Dodger Stadium to Make More All-Star Game Memories in 2020

LOS ANGELES, CA - MAY 01: General View of stadium at Dodger Stadium on May 1, 2011 in Los Angeles, California. (Photo by Harry How/Getty Images)
LOS ANGELES, CA - MAY 01: General View of stadium at Dodger Stadium on May 1, 2011 in Los Angeles, California. (Photo by Harry How/Getty Images) /

Memory can be a tricky thing. The brain can be a pristine computer processor, a dusty treasure chest, or a banged up and disorganized old filing cabinet. It can protect you, keeping your most closely guarded secrets, or it can fool you, creating false memories, combining dreams and weaving together the blanket of childhood. To this day, every time I’m driving south on the 405 and I pass the Hotel Angeleno; I’m transported back to a summer visit to friends of my parents who lived nearby.

My memory tells me it was the fist time I had a bowl of Cheerios, (what an incredible discovery!) I remember playing chutes and ladders with my sister and the daughter of the couple my parents were visiting, and on the television or the radio was the first baseball All-Star Game I can remember, the 1980 contest at Chavez Ravine.

And yet, if you asked me about it last week, I couldn’t tell you very much, if anything, about the game. I knew the “hometown” National League won, I knew a Cincinnati Red took home the MVP award (it was Ken Griffey, Sr.) and I knew that the roster was full of Dodgers. In fact, there were six Dodgers playing in that game, including Dodger legend Steve Garvey who had won the All-Star Game MVP award just two years before.

For years afterward, though, the All-Star Game would take on a special significance for me. I would try to carve out the hours each summer in front of the television watching the game, and for some reason, it would be the one game of all games that I would actually, as Vin Scully always put it, “score from home.” Perhaps it was an excuse to my family why I couldn’t miss a batter, couldn’t miss a play, or it would mess up my chronicle of history.

And what history would be caught in those curling box scores?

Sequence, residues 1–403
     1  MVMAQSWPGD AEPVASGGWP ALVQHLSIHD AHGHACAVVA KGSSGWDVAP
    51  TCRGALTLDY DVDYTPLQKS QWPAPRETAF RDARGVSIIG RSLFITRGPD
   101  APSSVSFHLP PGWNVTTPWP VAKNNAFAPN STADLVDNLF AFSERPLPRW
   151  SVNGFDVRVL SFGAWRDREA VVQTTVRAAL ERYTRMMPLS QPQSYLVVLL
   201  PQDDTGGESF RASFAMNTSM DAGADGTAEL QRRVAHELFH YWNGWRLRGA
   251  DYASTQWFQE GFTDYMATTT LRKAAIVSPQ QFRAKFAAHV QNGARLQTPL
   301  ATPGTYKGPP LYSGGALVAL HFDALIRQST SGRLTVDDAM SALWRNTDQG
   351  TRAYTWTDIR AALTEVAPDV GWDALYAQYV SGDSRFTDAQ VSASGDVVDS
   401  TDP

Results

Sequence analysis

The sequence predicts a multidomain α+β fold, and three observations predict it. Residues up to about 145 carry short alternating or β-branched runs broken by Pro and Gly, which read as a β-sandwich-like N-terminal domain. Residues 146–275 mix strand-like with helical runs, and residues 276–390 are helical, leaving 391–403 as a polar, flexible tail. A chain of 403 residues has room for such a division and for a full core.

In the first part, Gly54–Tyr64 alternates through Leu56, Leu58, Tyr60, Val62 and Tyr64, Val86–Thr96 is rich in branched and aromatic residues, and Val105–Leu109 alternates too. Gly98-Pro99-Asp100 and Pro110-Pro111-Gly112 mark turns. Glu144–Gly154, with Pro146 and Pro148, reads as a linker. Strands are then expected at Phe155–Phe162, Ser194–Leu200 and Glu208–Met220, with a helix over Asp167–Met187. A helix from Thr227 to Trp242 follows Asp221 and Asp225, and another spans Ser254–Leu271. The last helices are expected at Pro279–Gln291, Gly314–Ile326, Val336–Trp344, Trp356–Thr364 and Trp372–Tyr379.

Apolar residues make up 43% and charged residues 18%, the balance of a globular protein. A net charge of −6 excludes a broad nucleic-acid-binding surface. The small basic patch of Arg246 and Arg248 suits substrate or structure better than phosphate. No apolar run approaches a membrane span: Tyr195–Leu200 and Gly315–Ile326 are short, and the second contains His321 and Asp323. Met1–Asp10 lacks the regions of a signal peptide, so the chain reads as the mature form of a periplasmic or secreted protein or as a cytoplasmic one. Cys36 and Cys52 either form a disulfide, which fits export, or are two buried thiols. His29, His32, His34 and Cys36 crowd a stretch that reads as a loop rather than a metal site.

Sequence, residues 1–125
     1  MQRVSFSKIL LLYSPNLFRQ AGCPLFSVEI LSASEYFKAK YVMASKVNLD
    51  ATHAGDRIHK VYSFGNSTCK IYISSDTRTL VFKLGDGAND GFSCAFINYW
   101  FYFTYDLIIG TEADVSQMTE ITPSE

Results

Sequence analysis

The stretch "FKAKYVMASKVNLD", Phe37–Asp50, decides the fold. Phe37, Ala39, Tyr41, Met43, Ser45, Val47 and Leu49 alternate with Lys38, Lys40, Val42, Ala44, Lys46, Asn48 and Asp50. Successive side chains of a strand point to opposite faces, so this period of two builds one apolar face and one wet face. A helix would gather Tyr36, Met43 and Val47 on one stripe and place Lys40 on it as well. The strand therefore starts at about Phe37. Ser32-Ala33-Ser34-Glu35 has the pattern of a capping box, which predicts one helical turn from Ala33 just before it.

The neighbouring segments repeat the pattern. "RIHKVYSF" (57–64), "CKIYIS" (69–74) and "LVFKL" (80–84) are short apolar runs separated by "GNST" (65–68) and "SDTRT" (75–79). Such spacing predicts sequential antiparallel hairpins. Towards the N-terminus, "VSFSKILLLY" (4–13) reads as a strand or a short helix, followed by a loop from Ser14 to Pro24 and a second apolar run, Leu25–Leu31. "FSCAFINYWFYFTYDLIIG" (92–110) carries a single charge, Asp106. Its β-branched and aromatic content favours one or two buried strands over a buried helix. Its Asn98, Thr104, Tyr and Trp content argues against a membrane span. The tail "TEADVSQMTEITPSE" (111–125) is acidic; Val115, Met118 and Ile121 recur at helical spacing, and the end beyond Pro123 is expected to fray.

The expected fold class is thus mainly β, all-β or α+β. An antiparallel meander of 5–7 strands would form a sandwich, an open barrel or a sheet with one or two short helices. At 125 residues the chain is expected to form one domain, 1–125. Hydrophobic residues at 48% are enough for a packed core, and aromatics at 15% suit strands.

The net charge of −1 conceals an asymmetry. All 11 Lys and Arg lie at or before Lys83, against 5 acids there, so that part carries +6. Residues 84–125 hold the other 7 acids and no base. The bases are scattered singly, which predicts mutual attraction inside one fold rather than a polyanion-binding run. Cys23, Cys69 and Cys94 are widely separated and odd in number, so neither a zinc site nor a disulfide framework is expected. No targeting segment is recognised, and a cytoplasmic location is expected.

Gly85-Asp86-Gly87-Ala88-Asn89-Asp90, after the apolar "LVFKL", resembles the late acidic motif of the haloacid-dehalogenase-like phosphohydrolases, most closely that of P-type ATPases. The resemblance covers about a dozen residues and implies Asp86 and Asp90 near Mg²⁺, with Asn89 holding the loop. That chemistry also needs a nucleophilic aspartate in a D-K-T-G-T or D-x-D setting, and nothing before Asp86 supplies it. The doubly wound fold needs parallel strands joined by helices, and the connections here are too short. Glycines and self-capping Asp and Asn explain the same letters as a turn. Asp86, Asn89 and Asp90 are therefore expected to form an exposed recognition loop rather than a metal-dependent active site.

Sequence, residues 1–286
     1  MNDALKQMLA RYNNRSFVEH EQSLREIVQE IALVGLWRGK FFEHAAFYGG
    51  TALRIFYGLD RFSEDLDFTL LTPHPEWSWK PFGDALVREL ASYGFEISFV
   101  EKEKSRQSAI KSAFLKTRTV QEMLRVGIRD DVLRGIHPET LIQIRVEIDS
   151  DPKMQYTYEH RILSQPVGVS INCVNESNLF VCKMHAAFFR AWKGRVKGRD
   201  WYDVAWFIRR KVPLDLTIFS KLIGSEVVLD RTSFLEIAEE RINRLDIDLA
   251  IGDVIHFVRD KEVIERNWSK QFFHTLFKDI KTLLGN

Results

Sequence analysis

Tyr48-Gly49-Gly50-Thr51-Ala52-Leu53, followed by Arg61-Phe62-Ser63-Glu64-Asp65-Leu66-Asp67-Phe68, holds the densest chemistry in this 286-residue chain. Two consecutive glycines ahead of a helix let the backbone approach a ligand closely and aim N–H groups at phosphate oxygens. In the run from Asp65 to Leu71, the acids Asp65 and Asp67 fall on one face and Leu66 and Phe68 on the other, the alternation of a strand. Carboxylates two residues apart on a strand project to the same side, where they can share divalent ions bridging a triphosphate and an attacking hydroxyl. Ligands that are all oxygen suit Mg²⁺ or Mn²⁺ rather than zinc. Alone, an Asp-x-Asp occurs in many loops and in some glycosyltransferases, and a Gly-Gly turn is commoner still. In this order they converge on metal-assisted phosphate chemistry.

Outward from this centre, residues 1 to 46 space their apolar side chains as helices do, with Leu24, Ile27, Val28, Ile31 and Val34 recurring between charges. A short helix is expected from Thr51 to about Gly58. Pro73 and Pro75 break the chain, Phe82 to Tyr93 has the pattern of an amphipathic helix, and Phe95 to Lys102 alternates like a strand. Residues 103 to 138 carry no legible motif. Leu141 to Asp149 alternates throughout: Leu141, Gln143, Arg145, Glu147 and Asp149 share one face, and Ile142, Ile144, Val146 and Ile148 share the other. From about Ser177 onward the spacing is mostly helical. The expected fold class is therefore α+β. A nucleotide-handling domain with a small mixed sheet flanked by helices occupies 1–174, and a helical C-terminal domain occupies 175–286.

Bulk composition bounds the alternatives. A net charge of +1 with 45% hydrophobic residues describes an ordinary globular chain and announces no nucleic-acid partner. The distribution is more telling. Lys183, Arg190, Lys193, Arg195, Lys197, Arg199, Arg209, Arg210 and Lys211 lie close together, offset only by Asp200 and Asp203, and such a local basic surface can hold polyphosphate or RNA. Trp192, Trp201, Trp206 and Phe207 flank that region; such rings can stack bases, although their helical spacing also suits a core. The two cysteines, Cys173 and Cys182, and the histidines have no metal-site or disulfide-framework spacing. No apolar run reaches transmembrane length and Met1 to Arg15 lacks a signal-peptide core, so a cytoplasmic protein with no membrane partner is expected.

I have a vague memory of working on a project for school at my friend’s house (in the summer?) but pausing to watch Fred Lynn smack a grand slam off of Atlee Hammaker in 1983, as the American League finally broke a streak of 11 straight wins by my National League favorites, my only consolation is that Vin Scully had the call and that Hammaker pitched for the Giants.

I remember Dodger legend Fernando Valenzuela, absolutely dazzling the world, striking out five consecutive batters in the 1986 Midsummer classic, tying the record set by Hall of Famer Carl Hubbell in 1934.

I remember Bo Jackson’s cannon shot leading off the bottom of the first inning in 1989, and the shock and awe it seemed to create in the broadcast booth, in the stands, and I imagined in living rooms across the land.

I remember a campground barbecue, straining to hear the call of the game over the portable radio I had brought with me, hoping the antennae could maintain the signal at least long enough for any Dodger at bat. And every year, wondering if a Dodger would win the coveted MVP award again until Mike Piazza finally did after destroying Charles Nagy’s pitch in 1996, and Bob Costas’ Ted Williams reference on the call as Piazza made his way around the bases.

And I remember Cal Ripken’s last All-Star game in 2001 when he capped off his career with a home run on his way to the MVP honors, and a place in the hearts of fans everywhere.

More from Dodgers History

Then came 2002, Miller Park, an 11 inning game, all the players were getting used to please the fans, and the commissioner called the game a tie to prevent injury, and yet something was lost. The game had been losing its competitive edge, changes needed to be made.

Since that time we have witnessed the future of the World Series’ home field advantage decided by the winning team (for a time), and we’ve seen the Futures game. We have seen FanFest celebrations and Celebrity Softball games. We have seen Home Run Derbies go to the Final Four and All-Stars like Justin Turner win the Final Vote.

We have seen the All-Star Game become a week of festivity in the host city coinciding with renovations and overhauls at host stadiums to enhance the fan experience. On Wednesday, when Stan Kasten addressed the crowd during the official announcement awarding the game to the Dodgers and Los Angeles he hinted that changes would be coming at Dodger Stadium as well, what they will be one can only imagine, but my imagination takes me back once more to a simpler time, and in the way only memory can beautifully mix the past, present and future, I hear a forgotten childhood voice calling out to me, the voice of one-time Dodger PA announcer John Ramsey, calling out from a summer day in July of 2020. . .

Next: Enough with the silly Dodger lineups

“Now leading off for the National League All-Stars, and your Los Angeles Dodgers, center fielder, Chris Taylor. . .”